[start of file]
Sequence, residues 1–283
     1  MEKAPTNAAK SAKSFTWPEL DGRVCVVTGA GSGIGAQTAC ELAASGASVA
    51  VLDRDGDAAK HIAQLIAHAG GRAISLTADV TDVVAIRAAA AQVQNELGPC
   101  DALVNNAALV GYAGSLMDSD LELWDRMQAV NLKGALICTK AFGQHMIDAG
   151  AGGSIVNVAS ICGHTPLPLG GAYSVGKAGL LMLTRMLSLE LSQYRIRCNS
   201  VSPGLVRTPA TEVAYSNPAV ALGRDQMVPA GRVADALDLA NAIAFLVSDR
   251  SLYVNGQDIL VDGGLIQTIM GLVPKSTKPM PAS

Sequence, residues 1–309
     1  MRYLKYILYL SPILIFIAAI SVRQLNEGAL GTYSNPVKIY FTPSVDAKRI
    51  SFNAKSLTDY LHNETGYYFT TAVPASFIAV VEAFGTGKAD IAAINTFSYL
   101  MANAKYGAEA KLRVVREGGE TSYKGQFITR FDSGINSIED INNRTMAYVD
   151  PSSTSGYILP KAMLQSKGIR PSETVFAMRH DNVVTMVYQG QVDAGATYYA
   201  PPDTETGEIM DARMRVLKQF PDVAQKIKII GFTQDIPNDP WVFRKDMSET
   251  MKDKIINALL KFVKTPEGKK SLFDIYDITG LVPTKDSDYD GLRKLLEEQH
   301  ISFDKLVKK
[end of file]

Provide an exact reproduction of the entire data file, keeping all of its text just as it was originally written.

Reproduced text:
Sequence, residues 1–283
     1  MEKAPTNAAK SAKSFTWPEL DGRVCVVTGA GSGIGAQTAC ELAASGASVA
    51  VLDRDGDAAK HIAQLIAHAG GRAISLTADV TDVVAIRAAA AQVQNELGPC
   101  DALVNNAALV GYAGSLMDSD LELWDRMQAV NLKGALICTK AFGQHMIDAG
   151  AGGSIVNVAS ICGHTPLPLG GAYSVGKAGL LMLTRMLSLE LSQYRIRCNS
   201  VSPGLVRTPA TEVAYSNPAV ALGRDQMVPA GRVADALDLA NAIAFLVSDR
   251  SLYVNGQDIL VDGGLIQTIM GLVPKSTKPM PAS

Sequence, residues 1–309
     1  MRYLKYILYL SPILIFIAAI SVRQLNEGAL GTYSNPVKIY FTPSVDAKRI
    51  SFNAKSLTDY LHNETGYYFT TAVPASFIAV VEAFGTGKAD IAAINTFSYL
   101  MANAKYGAEA KLRVVREGGE TSYKGQFITR FDSGINSIED INNRTMAYVD
   151  PSSTSGYILP KAMLQSKGIR PSETVFAMRH DNVVTMVYQG QVDAGATYYA
   201  PPDTETGEIM DARMRVLKQF PDVAQKIKII GFTQDIPNDP WVFRKDMSET
   251  MKDKIINALL KFVKTPEGKK SLFDIYDITG LVPTKDSDYD GLRKLLEEQH
   301  ISFDKLVKK